Monday, April 20, 2015

Thornwell and the proverbial Nazis at the door

Taken from Whatsoever Things are True (yes, I realize he wrote before the Nazis)

What is truth in terms of practice--in terms of telling the truth?  Is it a sin to not tell the whole truth, say, to the proverbial Nazis at the door?  Thornwell (and Hodge) would say, “No.”  Thornwell makes the astute point that there is a difference between “deception” and “concealment.”  He writes, “There are things which men have a right to keep secret, and if a prurient curiosity prompts other officiously to pry into them, there is nothing criminal or dishonest in refusing to minister to such a spirit” (80).

But the moralist will respond, “You still have to tell the truth to the Nazis at the door.”  Perhaps, let’s flesh this out.  Let’s say the Nazis ask if there are Jews upstairs (which there are for this scenario)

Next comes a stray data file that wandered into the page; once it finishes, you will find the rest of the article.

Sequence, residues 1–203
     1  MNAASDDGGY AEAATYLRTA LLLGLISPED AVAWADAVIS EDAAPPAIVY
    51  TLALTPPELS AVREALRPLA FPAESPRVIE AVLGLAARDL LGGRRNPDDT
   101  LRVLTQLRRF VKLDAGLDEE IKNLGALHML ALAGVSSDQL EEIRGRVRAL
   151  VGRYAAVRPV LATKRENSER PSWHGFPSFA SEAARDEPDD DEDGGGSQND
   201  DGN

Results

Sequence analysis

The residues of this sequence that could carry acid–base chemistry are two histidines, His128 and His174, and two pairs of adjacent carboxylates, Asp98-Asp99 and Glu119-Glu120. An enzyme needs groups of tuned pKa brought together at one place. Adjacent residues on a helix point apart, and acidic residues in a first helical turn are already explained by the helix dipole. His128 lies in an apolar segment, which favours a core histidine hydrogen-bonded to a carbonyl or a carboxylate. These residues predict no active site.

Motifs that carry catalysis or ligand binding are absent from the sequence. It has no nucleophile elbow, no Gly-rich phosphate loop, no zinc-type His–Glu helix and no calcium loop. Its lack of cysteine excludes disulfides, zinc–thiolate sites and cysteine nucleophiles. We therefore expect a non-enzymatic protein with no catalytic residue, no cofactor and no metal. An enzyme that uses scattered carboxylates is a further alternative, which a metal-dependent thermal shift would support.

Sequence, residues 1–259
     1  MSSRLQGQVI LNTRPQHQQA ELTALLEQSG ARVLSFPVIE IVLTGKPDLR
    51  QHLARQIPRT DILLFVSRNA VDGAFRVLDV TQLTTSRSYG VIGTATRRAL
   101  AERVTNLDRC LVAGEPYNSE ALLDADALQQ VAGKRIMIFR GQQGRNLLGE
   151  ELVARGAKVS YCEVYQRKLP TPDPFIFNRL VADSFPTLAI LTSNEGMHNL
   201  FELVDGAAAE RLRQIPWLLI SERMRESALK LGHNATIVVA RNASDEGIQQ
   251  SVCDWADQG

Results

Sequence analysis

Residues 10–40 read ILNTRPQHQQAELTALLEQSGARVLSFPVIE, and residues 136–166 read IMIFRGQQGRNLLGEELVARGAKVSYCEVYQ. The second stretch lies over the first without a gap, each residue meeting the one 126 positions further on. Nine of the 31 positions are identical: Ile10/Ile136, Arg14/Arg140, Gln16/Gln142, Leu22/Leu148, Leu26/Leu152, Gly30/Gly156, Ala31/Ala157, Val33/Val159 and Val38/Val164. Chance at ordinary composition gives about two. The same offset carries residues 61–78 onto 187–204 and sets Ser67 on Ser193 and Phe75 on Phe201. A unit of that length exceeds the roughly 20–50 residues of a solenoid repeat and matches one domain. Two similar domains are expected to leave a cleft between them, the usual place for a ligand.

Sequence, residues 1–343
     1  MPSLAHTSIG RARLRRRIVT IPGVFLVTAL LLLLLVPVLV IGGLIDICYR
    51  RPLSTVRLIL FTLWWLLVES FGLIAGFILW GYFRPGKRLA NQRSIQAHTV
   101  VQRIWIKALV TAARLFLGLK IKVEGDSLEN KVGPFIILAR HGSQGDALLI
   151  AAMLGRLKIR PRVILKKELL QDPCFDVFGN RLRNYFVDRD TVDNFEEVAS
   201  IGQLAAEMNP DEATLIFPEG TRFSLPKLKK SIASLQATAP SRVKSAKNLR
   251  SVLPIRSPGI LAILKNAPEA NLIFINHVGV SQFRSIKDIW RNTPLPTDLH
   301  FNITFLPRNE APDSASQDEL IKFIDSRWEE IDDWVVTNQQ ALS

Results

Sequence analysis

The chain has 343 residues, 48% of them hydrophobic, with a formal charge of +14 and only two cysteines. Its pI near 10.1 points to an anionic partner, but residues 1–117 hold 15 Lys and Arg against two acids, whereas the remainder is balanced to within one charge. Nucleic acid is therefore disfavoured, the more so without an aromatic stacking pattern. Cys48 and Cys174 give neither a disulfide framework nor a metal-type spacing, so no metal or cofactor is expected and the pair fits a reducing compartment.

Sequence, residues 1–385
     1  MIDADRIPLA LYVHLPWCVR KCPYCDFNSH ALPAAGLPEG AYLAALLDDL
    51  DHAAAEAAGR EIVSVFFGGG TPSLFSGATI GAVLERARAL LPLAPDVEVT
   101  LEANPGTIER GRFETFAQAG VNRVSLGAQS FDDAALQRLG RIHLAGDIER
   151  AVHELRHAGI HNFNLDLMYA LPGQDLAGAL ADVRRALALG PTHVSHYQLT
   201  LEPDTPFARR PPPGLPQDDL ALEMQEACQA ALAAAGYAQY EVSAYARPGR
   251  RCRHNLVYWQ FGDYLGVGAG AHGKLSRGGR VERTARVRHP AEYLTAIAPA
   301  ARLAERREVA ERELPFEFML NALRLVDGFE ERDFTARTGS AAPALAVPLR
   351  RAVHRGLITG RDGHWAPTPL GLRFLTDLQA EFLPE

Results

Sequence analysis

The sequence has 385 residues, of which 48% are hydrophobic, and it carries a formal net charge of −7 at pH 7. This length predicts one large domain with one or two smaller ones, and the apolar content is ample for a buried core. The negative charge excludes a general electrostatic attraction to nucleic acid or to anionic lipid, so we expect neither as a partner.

(1) Is it a “good” to tell the truth and surrender the Jews?

Only the most officious moralist will say yes.  They will define the ethically right thing as “satisfying” one’s duty to truth. (How many are closet Kantians without realizing it?)

(1*) Is it a good to mislead the Nazis and save the Jews?

(1’) Is it a good to save the Jews?

Unless you think a young girl getting tortured by Eichmann is a result of doing “good,” you have to answer “yes” to (1’).

With knowledge of (1’) as affirmative, can we then affirm the entirety of (1*)?  I think we can but the officious moralist still has doubts.  Therefore, we take Thornwell’s statement:

(2) There are things which men have a right to keep secret...spirit.

(2) satisfies the conditions in (1*a), but will it satisfy the moralist?  Maybe not, but at this point the moralist must justify a new proposition:

(~2):  All men are obligated to exhaustive truth statements.

This is absurd and impossible to justify.  Therefore, (2) is warranted.  

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